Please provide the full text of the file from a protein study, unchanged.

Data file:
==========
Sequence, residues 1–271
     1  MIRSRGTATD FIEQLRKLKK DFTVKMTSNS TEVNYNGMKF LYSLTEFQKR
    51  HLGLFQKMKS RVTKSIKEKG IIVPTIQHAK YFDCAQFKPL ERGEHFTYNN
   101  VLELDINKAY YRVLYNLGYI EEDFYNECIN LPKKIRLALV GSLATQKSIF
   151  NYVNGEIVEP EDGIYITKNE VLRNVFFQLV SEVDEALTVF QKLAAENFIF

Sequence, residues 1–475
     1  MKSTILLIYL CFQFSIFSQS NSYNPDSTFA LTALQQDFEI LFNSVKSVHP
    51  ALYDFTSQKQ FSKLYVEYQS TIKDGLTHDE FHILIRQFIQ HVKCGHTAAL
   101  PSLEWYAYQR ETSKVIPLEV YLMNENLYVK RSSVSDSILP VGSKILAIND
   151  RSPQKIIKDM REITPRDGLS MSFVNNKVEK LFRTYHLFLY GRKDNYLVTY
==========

Sequence, residues 1–271
     1  MIRSRGTATD FIEQLRKLKK DFTVKMTSNS TEVNYNGMKF LYSLTEFQKR
    51  HLGLFQKMKS RVTKSIKEKG IIVPTIQHAK YFDCAQFKPL ERGEHFTYNN
   101  VLELDINKAY YRVLYNLGYI EEDFYNECIN LPKKIRLALV GSLATQKSIF
   151  NYVNGEIVEP EDGIYITKNE VLRNVFFQLV SEVDEALTVF QKLAAENFIF

Sequence, residues 1–475
     1  MKSTILLIYL CFQFSIFSQS NSYNPDSTFA LTALQQDFEI LFNSVKSVHP
    51  ALYDFTSQKQ FSKLYVEYQS TIKDGLTHDE FHILIRQFIQ HVKCGHTAAL
   101  PSLEWYAYQR ETSKVIPLEV YLMNENLYVK RSSVSDSILP VGSKILAIND
   151  RSPQKIIKDM REITPRDGLS MSFVNNKVEK LFRTYHLFLY GRKDNYLVTY